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Miami Dade County Court Records
County level Courts of limited jurisdiction are courts that address only specific different types of court cases. They are regularly located in/near a county courthouse so are usually presided by just a single judge. A judge sitting with no jury hears almost all of the cases heard as a result of these courts. Some examples in trial courts in limited jurisdiction include:
Small claims court: This court ordinarily handles issues regarding private individuals to a relatively low amount of money amount, for example, less than a couple thousands of dollars.
Municipal court: This court frequently handles cases involved with offenses against town ordinances.
Probate court: This court addresses matters concerning administering the estate of any person who just passed away. It sees that the provisions of some sort of will are performed or sees that her property is distributed according to state law in the event that he/she died intestate (without having a will).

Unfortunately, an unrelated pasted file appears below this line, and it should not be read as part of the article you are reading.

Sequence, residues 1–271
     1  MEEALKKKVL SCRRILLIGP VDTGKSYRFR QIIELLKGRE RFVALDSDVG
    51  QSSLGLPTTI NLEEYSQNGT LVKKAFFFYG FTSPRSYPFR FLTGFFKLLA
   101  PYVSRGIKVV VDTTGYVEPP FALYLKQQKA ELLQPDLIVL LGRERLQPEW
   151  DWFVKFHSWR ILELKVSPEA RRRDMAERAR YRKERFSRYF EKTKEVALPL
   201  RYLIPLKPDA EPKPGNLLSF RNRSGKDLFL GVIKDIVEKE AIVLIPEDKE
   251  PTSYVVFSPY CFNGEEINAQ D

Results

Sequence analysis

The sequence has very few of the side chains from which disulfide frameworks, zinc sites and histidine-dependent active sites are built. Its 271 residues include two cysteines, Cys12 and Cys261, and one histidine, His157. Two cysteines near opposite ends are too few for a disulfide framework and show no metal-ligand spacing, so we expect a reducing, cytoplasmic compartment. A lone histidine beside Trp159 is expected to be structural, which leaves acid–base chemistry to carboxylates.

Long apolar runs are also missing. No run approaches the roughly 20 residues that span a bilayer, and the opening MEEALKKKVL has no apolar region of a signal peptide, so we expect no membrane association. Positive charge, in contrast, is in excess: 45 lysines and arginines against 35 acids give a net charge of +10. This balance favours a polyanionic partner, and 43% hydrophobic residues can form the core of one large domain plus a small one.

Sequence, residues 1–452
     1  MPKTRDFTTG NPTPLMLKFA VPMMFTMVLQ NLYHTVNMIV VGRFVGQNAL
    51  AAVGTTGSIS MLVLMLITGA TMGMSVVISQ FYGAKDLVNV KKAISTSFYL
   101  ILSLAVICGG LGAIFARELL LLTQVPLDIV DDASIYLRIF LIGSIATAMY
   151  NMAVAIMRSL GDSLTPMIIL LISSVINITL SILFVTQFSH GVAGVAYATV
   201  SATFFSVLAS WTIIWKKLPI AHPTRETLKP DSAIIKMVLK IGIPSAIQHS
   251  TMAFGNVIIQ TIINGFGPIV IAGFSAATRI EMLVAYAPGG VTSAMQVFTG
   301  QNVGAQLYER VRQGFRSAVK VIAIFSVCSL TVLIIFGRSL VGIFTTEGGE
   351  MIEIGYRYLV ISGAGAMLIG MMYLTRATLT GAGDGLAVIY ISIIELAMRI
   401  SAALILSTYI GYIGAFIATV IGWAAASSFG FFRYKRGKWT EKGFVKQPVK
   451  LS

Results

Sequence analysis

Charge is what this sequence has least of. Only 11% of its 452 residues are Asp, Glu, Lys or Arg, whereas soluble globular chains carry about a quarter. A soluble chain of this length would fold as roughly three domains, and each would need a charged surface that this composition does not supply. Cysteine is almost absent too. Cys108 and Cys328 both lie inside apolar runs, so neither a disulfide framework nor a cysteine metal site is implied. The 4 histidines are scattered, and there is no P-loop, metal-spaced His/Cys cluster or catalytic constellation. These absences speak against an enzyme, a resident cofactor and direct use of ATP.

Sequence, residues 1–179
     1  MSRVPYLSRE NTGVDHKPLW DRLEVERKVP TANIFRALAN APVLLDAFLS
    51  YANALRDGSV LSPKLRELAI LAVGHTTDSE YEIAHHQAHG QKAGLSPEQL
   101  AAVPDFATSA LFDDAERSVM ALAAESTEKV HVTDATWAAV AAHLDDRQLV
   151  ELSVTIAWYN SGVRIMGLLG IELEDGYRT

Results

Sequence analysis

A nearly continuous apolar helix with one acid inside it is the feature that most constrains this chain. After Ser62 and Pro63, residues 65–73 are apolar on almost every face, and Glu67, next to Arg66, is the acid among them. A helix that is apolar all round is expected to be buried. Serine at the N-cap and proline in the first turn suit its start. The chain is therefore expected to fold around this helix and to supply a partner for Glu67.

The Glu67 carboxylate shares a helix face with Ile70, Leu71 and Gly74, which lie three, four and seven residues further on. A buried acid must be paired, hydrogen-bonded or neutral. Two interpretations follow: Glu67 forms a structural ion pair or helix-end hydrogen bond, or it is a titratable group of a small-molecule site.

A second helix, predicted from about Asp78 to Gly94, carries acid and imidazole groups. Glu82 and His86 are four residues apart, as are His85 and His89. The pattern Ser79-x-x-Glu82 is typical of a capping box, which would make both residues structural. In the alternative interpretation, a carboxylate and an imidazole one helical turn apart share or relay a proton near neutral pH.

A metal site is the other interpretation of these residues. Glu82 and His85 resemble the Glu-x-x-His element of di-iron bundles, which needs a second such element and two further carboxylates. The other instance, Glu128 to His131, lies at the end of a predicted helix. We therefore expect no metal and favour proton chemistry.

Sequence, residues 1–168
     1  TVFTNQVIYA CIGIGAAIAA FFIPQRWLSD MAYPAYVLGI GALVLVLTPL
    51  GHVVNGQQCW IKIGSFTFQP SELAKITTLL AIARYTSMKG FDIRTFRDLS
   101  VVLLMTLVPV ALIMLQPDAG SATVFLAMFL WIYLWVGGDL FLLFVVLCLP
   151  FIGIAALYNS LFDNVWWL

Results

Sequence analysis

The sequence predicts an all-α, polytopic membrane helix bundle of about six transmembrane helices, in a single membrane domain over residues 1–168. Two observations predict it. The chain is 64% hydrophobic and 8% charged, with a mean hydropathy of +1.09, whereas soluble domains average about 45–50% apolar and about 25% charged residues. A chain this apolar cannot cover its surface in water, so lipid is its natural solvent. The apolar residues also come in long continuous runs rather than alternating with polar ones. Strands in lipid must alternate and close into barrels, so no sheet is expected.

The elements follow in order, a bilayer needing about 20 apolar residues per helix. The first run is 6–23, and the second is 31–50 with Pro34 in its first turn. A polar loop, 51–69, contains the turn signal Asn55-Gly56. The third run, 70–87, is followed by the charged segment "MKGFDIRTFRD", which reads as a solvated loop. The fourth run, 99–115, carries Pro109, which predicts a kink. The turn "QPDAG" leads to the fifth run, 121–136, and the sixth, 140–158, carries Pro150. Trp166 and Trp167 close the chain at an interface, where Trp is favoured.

Family court: This court deals with matters concerning adopting, annulments, divorce, alimony, child custody, child support, etc.
Traffic court: This court generally handles minor infractions of traffic protocols.
Juvenile court: This court normally handles cases including delinquent children under some age, for instance, 18 or 21.
Many states contain a county court, which may always be purely administrative (just like ) or can have jurisdiction over criminal cases like felonies (such as in this state) In states with a administrative court, the body acts like the primary agency with the local government. In the states that have a judicial court, such as California, it generally tackles trials for felonies, along with appeals of misdemeanors by local courts plus some small claims .
It is a court of unique jurisdiction, and thus handles mostly trials for accused felons. The Miami Dade County Court is set up and able to take care of the prosecution of crimes committed with the County.
The County Court also has limited jurisdiction within civil cases. In Colorado for instance the Courtroom handles such legal system.. Otherwise in the united states, the courts regarding original jurisdiction generally in most states have jurisdiction during a particular county, parish, shire, or borough; but instead to be called "county court" they are really called "superior court" or "circuit court". Multiple courts in typically limited original jurisdiction inside of a county are usually called "district courts" and / or, if located on and serving an actual municipality, "municipal courts"; and are subordinate towards the county superior or circuit court.